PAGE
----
Resolving vertical tectonics in the San Francisco Bay Area from permanent scatterer InSAR and GPS analysis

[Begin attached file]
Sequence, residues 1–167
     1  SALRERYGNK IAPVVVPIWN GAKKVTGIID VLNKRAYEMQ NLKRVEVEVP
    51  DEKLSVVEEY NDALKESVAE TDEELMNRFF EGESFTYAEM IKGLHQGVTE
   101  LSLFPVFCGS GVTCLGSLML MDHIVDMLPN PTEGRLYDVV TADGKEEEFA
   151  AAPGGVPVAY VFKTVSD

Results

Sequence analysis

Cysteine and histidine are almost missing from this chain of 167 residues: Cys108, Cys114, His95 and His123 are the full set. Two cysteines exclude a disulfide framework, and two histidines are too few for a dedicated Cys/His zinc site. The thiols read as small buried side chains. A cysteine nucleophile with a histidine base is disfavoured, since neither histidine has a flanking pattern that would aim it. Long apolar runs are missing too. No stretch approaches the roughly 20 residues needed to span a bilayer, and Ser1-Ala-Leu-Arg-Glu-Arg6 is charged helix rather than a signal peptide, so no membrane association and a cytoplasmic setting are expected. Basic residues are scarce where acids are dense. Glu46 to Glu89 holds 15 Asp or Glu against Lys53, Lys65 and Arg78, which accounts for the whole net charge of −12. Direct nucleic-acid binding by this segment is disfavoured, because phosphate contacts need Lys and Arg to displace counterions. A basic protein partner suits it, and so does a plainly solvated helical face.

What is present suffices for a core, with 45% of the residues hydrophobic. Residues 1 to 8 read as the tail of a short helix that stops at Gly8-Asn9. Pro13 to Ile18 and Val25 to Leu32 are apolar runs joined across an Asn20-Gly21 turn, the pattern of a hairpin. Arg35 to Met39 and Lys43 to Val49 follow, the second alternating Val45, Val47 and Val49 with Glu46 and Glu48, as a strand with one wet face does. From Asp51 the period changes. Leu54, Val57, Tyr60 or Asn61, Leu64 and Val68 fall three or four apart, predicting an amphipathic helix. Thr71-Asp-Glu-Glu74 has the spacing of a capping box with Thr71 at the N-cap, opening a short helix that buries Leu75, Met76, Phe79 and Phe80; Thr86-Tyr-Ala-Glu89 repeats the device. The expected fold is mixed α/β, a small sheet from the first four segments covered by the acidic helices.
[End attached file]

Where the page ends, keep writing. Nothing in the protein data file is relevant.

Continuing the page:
Using a combination of GPS-measured horizontal velocities of 200 sites and 115,487 range-change rates determined with the permanent scatterer interferometric synthetic aperture radar (InSAR) method in the San Francisco Bay Area, we resolve vertical motions in the region at sub-mm/yr precision. The highest displacement rates are due to nontectonic processes, such as active landslides, subsidence and rebound over aquifers, and rapid settling of unconsolidated sediments along the bay margins. Residual displacement rates are determined by removing the contribution of the GPS-derived horizontal velocity field from the InSAR range-change rates. To isolate vertical tectonic rates, we use only those InSAR measurements made on material that was not Quaternary substrate, which is susceptible to nontectonic and seasonally varying ground motions. The InSAR residuals indicate significant uplift over the southern foothills of the active Mount Diablo anticlinorium, the Mission Hills stepover region of the Hayward and Calaveras faults, and the central and southern Santa Cruz Mountains located along a restraining bend of the San Andreas fault.